Majority of studies in time perception uses visual objects like faces (emotional, non-emotional), geometrical figures, scenes, numbers, etc as stimuli. Although these complex images have been shown to influence time perception (addressing different questions), but the role of basic perceptual features (like contrast) which constitutes these complex images are rarely studied. A recent study by Christopher Benton and Annabelle Redfern published in Frontiers in Psychology, investigated the role of contrast on perceived duration.
They based their hypothesis on two lines of research, first are the adaptation studies which shows duration compression explained by adaptation-related stimulus-specific reduction in neural activity in early visual areas. And second are those studies which shows increase in neural activity in early visual areas with increase in contrast. So from these studies they hypothesized that, if adaptation related decrease in neural activity in early visual areas is linked to decrease in perceived duration then contrast based increase in neural activity in early visual areas should lead to increase in perceived duration.
To test this hypothesis they used dynamic spatial noise patterns as stimuli with three levels of contrast (0.1, 0.3, and 0.9). Each noise element in this pattern changed its luminance sinusoidally at temporal frequency of 4Hz. Two types of spatial filters i.e. circular Gaussian envelope or circular aperture, were used to generate stimuli patches with either gradient boundary or sharp boundary. The sharp boundary circular patch acted as size control stimuli, as in gradient boundary the perceived size might also change with contrast confounding the timing results.
To measure the effect of contrast on perceived duration they used adaptive match-to-standard procedure. In each trial participants saw a standard stimuli (with contrast 0.3) for 600 ms followed by a match (test) stimuli (with either 0.1 or 0.9 contrast) displayed for time randomly decided by the adaptive procedure between 125ms to 3000ms. Participants reported which of the two appeared for longer duration. Gradient boundary and sharp boundary stimuli were used in separate blocks. Results indicated that participants perceived the high contrast stimuli to be longer in duration compared to low contrast stimuli irrespective of its boundary type.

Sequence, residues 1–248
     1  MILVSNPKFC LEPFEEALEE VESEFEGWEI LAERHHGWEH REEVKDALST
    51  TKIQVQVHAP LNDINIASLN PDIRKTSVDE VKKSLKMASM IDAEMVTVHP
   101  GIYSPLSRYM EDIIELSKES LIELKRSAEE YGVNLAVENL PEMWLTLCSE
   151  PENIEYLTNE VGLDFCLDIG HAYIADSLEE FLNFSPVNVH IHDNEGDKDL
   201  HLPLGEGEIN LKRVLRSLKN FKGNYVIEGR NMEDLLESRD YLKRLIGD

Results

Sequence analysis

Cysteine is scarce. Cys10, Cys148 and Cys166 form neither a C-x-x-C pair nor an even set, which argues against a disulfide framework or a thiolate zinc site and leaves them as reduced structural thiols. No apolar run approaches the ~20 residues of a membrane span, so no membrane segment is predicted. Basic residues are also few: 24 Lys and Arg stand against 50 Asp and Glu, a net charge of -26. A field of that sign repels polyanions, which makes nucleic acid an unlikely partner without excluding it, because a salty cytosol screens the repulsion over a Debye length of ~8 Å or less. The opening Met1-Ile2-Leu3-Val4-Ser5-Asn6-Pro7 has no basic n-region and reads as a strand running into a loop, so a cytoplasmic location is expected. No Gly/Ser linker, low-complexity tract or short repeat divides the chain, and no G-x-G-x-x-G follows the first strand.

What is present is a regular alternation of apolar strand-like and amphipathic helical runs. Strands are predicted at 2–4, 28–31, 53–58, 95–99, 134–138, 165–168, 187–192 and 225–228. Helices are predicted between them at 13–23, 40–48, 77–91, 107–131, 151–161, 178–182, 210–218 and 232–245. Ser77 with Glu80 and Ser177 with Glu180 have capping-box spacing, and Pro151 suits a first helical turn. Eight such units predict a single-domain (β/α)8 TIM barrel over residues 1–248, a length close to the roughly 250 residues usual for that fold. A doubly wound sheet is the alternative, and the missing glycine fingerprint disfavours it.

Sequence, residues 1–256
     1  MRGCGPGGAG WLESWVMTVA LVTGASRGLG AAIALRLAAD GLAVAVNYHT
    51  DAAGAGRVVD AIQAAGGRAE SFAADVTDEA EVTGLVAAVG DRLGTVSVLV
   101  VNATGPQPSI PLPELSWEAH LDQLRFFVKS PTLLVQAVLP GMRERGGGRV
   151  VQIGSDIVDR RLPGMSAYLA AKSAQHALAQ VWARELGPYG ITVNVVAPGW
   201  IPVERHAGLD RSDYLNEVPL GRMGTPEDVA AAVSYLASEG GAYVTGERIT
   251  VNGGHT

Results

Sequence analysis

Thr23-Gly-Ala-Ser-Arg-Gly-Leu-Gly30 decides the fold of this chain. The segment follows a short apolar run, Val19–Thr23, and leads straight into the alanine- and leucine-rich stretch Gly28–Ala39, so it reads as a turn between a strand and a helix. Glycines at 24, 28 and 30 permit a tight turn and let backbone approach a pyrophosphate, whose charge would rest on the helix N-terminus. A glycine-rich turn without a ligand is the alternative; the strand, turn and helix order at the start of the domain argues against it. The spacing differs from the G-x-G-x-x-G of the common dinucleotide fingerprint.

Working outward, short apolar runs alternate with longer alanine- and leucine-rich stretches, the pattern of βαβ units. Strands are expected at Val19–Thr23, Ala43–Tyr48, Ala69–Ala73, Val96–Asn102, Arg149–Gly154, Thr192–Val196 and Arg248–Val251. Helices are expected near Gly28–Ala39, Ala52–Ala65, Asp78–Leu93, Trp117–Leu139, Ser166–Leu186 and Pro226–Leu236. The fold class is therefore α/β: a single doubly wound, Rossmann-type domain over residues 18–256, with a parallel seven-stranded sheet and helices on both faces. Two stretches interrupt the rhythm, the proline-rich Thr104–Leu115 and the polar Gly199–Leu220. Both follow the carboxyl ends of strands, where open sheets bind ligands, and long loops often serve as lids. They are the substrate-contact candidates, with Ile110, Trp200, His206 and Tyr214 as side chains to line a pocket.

Based on previous study linking contrast with temporal frequency, one might argue that the above results could not be due to contrast influencing duration but rather due to contrast influencing temporal frequency and which in-turn influencing duration. To control this they performed another experiment in which they first found the temporal frequency threshold for low and high contrast for individual participants. And then used individual specific temporal frequency to test the effect of contrast on perceived duration. In this experiment, even after controlling for temporal frequency change, results showed that perceived duration increased with contrast.
Authors suspected that the above increase in perceived duration due to contrast may not reflect entirely due to sustained neural activity but can also be explained by assuming some fixed neural activity threshold for stimulus onset and offset detection. In such a scenario, the perceived duration changes due to contrast is a result of difference in onset and offset timing rather than contrast driven sustained activity in the early visual areas. To investigate this, they designed a third experiment using a method of constant stimuli and tested the effect of contrast (0.1 and 0.9) on onset and offset perception. They found that contrast does influence the onset and offset perception of stimulus but this could account for around 20ms of difference between high and low contrast stimuli, which still cannot fully explain the 60ms difference they got in both the previous experiments.
Overall, the above study demonstrated the influence of low level perceptual feature such as contrast on perceived duration, further studies with multiple standard duration and larger N is needed to fully understand the role of contrast in time perception . As pointed by authors, despite 89% reduction in contrast it only led to just 10% reduction in perceived duration, raises further interesting questions about the mechanisms underlying such effects.
In my opinion, more studies are needed with not only contrast but also with other low level perceptual features like spatial frequencies, luminance; and also with curvatures, and textures, leading to complex images like faces. So that we can understand the role of specific components in altering time perception, which in future would enable researchers to model and predict (only to certain extend as complex objects influences are based on associated meaning as well) the perceived time of a complex image just by analyzing the lower level components of an image.
Source article: Benton, C. P., & Redfern, A. S. (2016). Perceived Duration Increases with Contrast, but Only a Little. Frontiers in Psychology, 7.
—-Mukesh Makwana, Doctoral student, (email@example.com)
Centre of Behavioural and Cognitive Sciences (CBCS), University of Allahabad, India.